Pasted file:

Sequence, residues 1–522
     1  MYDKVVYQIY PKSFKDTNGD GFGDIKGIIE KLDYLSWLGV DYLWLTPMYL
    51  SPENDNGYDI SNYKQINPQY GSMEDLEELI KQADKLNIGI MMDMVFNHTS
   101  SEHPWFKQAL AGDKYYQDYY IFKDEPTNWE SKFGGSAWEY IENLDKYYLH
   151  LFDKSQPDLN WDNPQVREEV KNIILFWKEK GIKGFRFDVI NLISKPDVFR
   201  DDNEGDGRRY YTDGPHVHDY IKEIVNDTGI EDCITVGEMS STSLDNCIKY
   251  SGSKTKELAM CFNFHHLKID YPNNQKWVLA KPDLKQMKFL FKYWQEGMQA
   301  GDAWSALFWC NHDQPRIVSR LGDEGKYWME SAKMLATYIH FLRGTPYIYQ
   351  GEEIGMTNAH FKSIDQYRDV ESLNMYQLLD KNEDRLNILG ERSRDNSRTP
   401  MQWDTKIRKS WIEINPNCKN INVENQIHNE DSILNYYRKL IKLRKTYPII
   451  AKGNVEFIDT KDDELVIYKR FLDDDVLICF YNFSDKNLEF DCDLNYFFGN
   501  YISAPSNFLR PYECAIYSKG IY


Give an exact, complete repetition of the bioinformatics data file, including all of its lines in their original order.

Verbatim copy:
Sequence, residues 1–522
     1  MYDKVVYQIY PKSFKDTNGD GFGDIKGIIE KLDYLSWLGV DYLWLTPMYL
    51  SPENDNGYDI SNYKQINPQY GSMEDLEELI KQADKLNIGI MMDMVFNHTS
   101  SEHPWFKQAL AGDKYYQDYY IFKDEPTNWE SKFGGSAWEY IENLDKYYLH
   151  LFDKSQPDLN WDNPQVREEV KNIILFWKEK GIKGFRFDVI NLISKPDVFR
   201  DDNEGDGRRY YTDGPHVHDY IKEIVNDTGI EDCITVGEMS STSLDNCIKY
   251  SGSKTKELAM CFNFHHLKID YPNNQKWVLA KPDLKQMKFL FKYWQEGMQA
   301  GDAWSALFWC NHDQPRIVSR LGDEGKYWME SAKMLATYIH FLRGTPYIYQ
   351  GEEIGMTNAH FKSIDQYRDV ESLNMYQLLD KNEDRLNILG ERSRDNSRTP
   401  MQWDTKIRKS WIEINPNCKN INVENQIHNE DSILNYYRKL IKLRKTYPII
   451  AKGNVEFIDT KDDELVIYKR FLDDDVLICF YNFSDKNLEF DCDLNYFFGN
   501  YISAPSNFLR PYECAIYSKG IY